Cuba – “Salsa Y Punto Band”

salsa-y-punto-cubaThe folkloric performances of the group “Salsa Y Punto” from Cuba enthraled the audience at Katara’s Esplanade  as the part of the Cultural Diversity Festival organised by Katara Foundation in cooperation with the UNESCO office in Doha.
The band delivered performances that mirrored Cuban culture, including Salsa, Latin Jazz, Merengue, Cha Cha, and traditional Bachata.
“Salsa Y Punto” is a unique international band, consisting of top performers from Cuba and Serbia that produce a mixture of authentic Latin rhythms and sounds. The group of the experienced musicians has gained popularity with audiences in the Southeastern Europe by its original mix of rhythms.
The music of Cuba, including its instruments, performance and dance, comprises a large set of unique traditions influenced mostly by West African and Spanish music. Due to the syncretic nature of most of its genres, Cuban music is often considered one of the richest and most influential regional music of the world. For example, the cubano songs merge an adapted Spanish guitar (tres), melody, harmony, and lyrical traditions with Afro-Cuban percussion and rhythms.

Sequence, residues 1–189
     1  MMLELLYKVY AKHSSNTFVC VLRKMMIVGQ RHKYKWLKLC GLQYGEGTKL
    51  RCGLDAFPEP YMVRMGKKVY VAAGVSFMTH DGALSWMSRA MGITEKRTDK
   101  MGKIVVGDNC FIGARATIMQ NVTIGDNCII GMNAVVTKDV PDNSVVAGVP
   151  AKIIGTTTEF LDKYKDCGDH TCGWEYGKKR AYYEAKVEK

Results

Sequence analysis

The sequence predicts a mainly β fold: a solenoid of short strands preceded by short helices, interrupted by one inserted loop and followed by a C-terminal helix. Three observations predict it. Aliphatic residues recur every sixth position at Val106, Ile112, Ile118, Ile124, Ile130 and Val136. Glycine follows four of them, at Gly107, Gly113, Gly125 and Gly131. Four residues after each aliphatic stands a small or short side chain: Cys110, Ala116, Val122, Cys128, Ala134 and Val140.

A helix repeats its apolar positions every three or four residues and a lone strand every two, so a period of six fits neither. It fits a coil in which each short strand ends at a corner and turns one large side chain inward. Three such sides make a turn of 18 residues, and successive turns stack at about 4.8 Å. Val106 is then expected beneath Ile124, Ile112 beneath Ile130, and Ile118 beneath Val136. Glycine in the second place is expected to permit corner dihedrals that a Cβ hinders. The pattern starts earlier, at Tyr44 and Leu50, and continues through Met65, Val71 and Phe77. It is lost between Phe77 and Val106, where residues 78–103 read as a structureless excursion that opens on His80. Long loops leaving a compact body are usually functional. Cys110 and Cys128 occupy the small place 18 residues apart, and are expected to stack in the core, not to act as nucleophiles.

“Salsa Y Punto Band brings red hot rhythms straight from the streets of Eastern Cuba. They play authentic Cuban songs, the fusion of Spanish and African rhythms that is the root of all salsa music.
During the performance that lasted just over an hour, Salsa y Punto brought the typical salsa instruments to fore. The claves and bongos (drums) made people dance to their tunes.
As Marko Kovacevic, one of the two lead dancers of the band, mentioned: “The band presented traditional music and dances. It was a kind of folk music and dance that has been in Cuba for centuries. Cuba is a very old nation, who has some great traditional music and dance. These dances represent many parts of Cuba, even from outside Havana as well.
The group has many instruments from other continents but the main musical instruments and compositions come from Cuba. The main instruments were claves, maracas, bongos and they have been part of Cuban traditional music for many generations.
They combined piano, bass, trumpet, brass and dance together. Trumpet has to be there because it is Spanish music and it is mixed with conga (drums) from Africa, and a little bit of jazz from America. It is a mix of musical instruments from different continents like Europe, Africa, Asia and America.”
The band performed exclusive events, festivals, and concerts in various parts of the world.